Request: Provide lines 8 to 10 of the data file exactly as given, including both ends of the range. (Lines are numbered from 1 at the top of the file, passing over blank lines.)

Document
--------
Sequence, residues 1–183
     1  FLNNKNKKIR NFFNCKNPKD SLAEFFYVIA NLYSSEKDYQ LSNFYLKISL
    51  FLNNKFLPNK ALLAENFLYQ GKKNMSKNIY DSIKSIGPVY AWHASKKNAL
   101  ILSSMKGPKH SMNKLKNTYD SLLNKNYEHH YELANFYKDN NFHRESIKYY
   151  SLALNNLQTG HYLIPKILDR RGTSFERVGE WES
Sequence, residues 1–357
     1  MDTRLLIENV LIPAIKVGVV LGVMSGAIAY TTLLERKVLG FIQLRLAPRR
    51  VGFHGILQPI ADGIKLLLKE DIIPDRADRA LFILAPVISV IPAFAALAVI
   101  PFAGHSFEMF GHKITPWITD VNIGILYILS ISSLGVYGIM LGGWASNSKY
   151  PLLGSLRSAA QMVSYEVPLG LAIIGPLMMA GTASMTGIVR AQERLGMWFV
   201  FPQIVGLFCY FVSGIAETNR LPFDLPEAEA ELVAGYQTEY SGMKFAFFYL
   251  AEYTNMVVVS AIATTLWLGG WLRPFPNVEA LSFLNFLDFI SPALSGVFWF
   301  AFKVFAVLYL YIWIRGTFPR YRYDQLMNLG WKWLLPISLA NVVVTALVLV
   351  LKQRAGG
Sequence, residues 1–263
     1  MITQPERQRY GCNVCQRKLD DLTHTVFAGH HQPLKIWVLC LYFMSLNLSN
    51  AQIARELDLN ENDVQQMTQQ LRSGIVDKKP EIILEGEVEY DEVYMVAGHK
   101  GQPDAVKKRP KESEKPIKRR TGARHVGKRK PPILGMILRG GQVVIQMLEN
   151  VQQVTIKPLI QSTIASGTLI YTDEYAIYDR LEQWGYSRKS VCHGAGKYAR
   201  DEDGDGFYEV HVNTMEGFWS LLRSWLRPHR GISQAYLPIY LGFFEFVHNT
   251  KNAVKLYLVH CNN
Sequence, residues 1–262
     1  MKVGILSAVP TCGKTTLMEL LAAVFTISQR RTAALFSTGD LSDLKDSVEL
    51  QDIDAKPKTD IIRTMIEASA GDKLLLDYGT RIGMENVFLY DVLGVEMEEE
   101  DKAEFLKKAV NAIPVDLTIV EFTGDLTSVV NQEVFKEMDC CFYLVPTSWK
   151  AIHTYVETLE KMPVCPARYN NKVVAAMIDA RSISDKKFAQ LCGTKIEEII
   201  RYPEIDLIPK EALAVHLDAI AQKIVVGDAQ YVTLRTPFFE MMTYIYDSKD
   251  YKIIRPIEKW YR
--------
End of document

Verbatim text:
    51  VGFHGILQPI ADGIKLLLKE DIIPDRADRA LFILAPVISV IPAFAALAVI
   101  PFAGHSFEMF GHKITPWITD VNIGILYILS ISSLGVYGIM LGGWASNSKY
   151  PLLGSLRSAA QMVSYEVPLG LAIIGPLMMA GTASMTGIVR AQERLGMWFV